News / Africa

Taylor Sentence Sparks Justice Debate in Liberia

Former Liberian President Charles Taylor listens to the judge at the opening of the sentencing judgement hearing at the court in Leidschendam, near The Hague, May 30, 2012.Former Liberian President Charles Taylor listens to the judge at the opening of the sentencing judgement hearing at the court in Leidschendam, near The Hague, May 30, 2012.
x
Former Liberian President Charles Taylor listens to the judge at the opening of the sentencing judgement hearing at the court in Leidschendam, near The Hague, May 30, 2012.
Former Liberian President Charles Taylor listens to the judge at the opening of the sentencing judgement hearing at the court in Leidschendam, near The Hague, May 30, 2012.
Kate Thomas
DAKAR - The sentencing of former Liberian president Charles Taylor on Wednesday was heralded as an historic moment for Sierra Leone. But in neighboring Liberia, many say the justice and reconciliation process is only just beginning.  As Taylor was handed a 50-year jail term, Liberian rights groups and activists were debating whether Taylor's allies and rivals should also be subject to international justice.  

The sentencing of Charles Taylor for war crimes committed during Sierra Leone's conflict has sparked debate in the former leader's native Liberia.

Many Liberians did not follow the trial proceedings, believing that it was more relevant for Sierra Leoneans.

But others gathered around radios Wednesday as news of Taylor's 50-year jail term was read out.

The matter has sparked calls for other Liberians suspected of war crimes to be handed over to international courts.  Liberia's media have run editorials and held radio debates on the advantages and disadvantages of the idea.

Larry Tengbeh, who lives in Monrovia, is among those who think Taylor should not be the only one held responsible for war crimes. "There are a number of them roaming around in Liberia.  They need to face justice," he said.

He's talking about former rivals, and in some cases, allies of Taylor during Liberia's civil conflict, which ended in 2003, a year after Sierra Leone's.

At least five members of Taylor's wartime inner circle are still under U.N.-imposed travel bans and subject to economic sanctions.

Others had recommendations made against them by Liberia's Truth and Reconciliation Commission.

But those recommendations, including one that President Ellen Johnson-Sirleaf should be barred from public office for funding Taylor's pre-war rebellion in Liberia, have never been implemented.

There have been calls for Prince Johnson, Taylor's former rival who came in third in last year's presidential race, to be pursued for crimes against humanity.

In 1990, Johnson was videotaped drinking from a bottle of beer while soldiers loyal to him tortured the late President Samuel Doe.

"Other warlords like Prince Johnson who led another rebel group in Liberia, face the full weight of justice too.  He must have his day in court for the killing of former President Samuel Kanyon Doe," said Tengbeh.

But Marpue Tarnue, a 35-year-old housewife, said the issue of pursuing justice should be put to rest.

"I think the people of Sierra Leone got the justice they had been looking for.  The trial is over and it is time for the two countries to put the past behind them and move forward," she said.

Some feel that during Liberia's conflict, which left 300,000 people dead, many people came away with dirty hands.

They say that everyone became a part of the system of war, and that holding individuals responsible will prevent Liberia as a whole from moving beyond the conflict.

Nobel laureate Leymah Gbowee is currently leading a reconciliation initiative in Liberia, backed by President Johnson-Sirleaf. But Liberians say the process, which focuses mostly on discussion, has been slow to get off the ground.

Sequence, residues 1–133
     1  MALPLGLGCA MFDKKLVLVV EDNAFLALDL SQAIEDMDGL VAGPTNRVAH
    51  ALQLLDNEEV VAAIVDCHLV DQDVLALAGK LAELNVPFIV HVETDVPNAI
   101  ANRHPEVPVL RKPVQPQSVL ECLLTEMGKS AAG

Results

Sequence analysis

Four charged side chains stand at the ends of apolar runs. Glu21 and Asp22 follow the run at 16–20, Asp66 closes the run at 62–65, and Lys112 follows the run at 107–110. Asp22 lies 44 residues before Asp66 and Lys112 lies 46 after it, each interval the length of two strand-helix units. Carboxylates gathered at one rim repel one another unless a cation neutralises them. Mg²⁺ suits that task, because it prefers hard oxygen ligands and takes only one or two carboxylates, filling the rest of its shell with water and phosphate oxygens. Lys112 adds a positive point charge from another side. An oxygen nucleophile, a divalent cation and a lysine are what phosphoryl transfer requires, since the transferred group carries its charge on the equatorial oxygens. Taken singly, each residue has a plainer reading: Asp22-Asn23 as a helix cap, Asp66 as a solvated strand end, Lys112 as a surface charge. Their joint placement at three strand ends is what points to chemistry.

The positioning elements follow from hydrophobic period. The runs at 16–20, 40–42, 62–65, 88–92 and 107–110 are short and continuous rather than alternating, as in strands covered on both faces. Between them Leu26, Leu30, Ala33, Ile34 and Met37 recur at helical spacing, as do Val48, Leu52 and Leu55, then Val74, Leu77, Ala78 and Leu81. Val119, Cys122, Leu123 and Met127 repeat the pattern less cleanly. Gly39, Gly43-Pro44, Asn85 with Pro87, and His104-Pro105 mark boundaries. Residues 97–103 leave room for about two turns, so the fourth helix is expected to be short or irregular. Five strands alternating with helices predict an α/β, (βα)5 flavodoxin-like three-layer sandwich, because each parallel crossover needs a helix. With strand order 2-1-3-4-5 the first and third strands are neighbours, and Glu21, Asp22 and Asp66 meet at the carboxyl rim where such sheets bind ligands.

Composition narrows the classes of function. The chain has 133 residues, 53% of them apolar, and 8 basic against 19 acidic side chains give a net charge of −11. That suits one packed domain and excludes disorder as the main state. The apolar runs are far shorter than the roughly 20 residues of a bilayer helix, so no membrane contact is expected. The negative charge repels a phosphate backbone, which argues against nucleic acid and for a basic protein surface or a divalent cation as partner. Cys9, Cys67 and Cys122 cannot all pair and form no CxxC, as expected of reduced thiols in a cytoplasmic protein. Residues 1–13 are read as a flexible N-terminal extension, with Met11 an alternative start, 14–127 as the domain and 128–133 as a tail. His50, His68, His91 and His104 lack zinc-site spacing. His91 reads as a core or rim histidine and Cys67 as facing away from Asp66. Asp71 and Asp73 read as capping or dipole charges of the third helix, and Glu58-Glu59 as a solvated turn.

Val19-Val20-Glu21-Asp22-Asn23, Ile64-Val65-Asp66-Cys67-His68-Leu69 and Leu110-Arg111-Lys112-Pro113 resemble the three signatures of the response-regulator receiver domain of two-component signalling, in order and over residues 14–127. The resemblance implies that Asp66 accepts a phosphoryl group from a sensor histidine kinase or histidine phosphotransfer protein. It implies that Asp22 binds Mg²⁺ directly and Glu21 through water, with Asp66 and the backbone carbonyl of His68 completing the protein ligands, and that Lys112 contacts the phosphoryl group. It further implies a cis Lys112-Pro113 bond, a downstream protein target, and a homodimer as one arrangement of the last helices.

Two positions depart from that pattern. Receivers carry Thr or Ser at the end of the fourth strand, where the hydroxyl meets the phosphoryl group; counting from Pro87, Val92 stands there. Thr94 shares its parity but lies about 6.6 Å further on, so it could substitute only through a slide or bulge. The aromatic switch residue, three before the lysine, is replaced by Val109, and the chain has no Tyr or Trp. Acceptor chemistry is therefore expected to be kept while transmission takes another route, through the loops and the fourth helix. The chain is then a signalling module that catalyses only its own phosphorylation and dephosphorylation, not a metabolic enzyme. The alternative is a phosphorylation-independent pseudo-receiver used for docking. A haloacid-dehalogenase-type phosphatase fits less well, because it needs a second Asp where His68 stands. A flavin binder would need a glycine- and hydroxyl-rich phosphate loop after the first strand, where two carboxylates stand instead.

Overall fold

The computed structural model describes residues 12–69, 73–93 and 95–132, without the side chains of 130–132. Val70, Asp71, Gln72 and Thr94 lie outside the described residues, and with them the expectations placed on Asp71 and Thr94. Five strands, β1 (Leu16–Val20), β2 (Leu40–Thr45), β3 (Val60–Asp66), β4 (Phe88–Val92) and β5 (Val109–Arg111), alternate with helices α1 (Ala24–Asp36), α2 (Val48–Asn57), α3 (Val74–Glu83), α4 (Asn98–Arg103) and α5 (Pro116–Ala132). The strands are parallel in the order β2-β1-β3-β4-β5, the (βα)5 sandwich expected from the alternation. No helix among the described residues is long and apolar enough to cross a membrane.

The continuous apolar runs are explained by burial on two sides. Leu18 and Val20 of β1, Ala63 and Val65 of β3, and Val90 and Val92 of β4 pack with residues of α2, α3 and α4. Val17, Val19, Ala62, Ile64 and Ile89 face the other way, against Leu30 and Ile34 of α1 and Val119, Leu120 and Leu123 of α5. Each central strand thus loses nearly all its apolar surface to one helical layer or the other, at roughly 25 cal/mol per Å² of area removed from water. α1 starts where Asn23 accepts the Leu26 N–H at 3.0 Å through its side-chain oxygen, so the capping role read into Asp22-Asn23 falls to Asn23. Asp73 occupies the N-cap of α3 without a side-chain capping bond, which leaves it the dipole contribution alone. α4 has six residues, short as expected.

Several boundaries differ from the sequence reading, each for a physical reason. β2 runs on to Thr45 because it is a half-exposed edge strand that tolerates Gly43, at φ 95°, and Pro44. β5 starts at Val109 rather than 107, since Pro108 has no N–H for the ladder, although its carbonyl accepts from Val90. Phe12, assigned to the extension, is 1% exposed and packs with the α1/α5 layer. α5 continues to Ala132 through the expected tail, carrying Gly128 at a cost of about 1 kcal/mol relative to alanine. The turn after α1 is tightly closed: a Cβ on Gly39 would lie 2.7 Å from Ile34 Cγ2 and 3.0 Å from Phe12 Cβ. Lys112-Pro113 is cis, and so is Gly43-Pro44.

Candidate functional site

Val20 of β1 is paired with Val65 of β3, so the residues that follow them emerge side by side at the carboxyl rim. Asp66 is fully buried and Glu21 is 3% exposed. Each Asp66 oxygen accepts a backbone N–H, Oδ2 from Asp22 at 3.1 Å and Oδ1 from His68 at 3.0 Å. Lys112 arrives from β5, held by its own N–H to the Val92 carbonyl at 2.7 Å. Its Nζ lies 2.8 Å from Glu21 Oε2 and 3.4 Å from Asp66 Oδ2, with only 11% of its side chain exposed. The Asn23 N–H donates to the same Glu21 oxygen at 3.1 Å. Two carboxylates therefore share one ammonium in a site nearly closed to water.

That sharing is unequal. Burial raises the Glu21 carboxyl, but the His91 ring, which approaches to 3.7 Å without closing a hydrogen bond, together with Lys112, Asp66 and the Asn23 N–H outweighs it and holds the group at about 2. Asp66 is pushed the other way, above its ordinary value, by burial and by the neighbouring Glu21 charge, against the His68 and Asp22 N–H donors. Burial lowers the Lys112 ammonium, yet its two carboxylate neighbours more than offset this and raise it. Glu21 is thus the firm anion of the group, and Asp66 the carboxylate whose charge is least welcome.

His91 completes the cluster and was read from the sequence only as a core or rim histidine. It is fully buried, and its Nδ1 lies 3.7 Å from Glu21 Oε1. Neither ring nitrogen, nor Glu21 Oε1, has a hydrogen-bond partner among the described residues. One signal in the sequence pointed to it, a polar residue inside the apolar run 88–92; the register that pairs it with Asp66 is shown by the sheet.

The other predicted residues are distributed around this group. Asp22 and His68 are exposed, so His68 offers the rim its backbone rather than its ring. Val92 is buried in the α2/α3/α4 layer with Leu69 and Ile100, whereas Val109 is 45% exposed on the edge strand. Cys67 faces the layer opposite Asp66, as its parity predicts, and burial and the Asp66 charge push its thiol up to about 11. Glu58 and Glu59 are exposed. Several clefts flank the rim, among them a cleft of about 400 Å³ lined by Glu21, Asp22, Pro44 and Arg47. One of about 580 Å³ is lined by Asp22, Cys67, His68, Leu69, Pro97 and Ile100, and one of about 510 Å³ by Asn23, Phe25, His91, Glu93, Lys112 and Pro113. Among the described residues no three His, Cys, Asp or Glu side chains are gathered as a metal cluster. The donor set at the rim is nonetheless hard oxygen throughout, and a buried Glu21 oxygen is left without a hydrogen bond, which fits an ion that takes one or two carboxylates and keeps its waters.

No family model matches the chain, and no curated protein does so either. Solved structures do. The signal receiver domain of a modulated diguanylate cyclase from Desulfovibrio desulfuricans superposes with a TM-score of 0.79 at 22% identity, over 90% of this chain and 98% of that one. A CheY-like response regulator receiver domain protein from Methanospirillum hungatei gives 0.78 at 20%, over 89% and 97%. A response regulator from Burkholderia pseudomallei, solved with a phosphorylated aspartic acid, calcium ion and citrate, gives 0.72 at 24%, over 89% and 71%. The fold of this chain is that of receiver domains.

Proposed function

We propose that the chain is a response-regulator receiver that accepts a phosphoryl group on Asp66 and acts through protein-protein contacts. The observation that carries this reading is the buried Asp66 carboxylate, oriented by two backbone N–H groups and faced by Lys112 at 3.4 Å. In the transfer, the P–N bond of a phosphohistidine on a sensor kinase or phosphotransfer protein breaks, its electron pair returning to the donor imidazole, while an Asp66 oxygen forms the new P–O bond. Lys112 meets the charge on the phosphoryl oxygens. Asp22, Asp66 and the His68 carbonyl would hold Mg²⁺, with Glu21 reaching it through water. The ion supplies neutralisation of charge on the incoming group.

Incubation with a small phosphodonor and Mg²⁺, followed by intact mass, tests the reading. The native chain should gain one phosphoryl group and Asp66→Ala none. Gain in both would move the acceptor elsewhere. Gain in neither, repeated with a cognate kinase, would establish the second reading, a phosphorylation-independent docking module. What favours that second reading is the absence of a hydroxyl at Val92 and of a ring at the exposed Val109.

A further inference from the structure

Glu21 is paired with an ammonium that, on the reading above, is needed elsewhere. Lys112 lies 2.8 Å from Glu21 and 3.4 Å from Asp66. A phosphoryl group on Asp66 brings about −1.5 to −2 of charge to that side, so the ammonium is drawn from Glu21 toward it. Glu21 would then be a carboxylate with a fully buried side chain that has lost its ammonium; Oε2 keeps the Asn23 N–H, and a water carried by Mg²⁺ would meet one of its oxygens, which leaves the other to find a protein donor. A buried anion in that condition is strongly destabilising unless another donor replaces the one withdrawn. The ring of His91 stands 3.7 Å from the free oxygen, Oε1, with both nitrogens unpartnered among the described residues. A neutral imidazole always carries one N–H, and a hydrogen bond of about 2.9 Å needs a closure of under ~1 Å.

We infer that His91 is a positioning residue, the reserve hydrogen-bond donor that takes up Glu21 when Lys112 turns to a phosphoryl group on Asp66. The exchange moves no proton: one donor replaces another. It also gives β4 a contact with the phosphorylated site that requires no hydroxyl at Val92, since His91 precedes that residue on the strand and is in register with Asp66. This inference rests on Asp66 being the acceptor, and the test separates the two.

Teddey Morris, who has been following the trial, asks how Liberian reconciliation should be defined.

"Reconciliation is about forgiving and forgetting the past.  A sentence of 50 years is not what you call reconciliation," he said.

In 2008, Liberian novelist Elma Shaw published a book called "Redemption Road."

It told the story of a Liberian girl, Bendu, who was abducted during the war and forced to marry a rebel fighter at a camp in the forest.  It is a story that speaks to thousands of Liberian women who had similar experiences.

After the war, Bendu reflects on her time in the forest.

"For Bendu, forgetting was out of the question," Shaw writes, "but remembering and doing nothing about it was even worse."

The question, for Liberians, is just what should be done.

You May Like

Photogallery Early Nigeria Results Show Buhari Leading; Tampering Concerns Mount

One local group monitoring polls is concerned politicians might use security agencies to 'fiddle with the election collation process' at state level More

UN: 7,300 Civilians Killed in Boko Haram Insurgency

A senior UN humanitarian official tells the United Nations Security Council 1,000 people have been killed this year More

Turkish President Warns Iran About Trying to Dominate Middle East

Warning comes amid growing concerns inside Turkey that it will be sucked into a sectarian conflict with its neighbor More

This forum has been closed.
Comment Sorting
Comments
     
by: Leroy Padmore from: Jersey City
June 13, 2012 1:04 AM
Why it is the war court cannot prosecute Russian president or syrian president?what about north korean president?until Africa be able to stand on their own and need no voice from the west we will always be behind.We cannot acess unless there be intervention from the west.we are not capable to solve own problem?this is a shame,and it is what it is.why the rest of the rebels that were fighting in Liberia were not prosecuted?Ellen Jonhson Sirleaf,Prince Jonhson,George Borley etc,etc for killing the Liberian people?this is nonsense

by: P. Dindas from: London
June 01, 2012 9:53 AM
Dictators who put the law into their hands must dance the music. Why live Robert Mugabe who did ethnic clensing with the North Koreans between 1983- 87 in the Midlands and Matebeleland and all is documented by the Catholic Peace and Justice.
During the 2008 Presidential Election his Defence Minister M'nangagwa conducted with the state machinery a mass killing of MDC SUPPORTERS.
Just as the UN EMMISSARY WAS PACKING HER BAGS NIVI PILLAY, a well respected uncle Magura had his life terminated under state police supervision.
WHEN WILL THE UN, EU,AU AND SADC PROTECT DEFENCELESS ZIMBABWEANS? Where will this lead the country to? Does the International await to resolve acrisis management?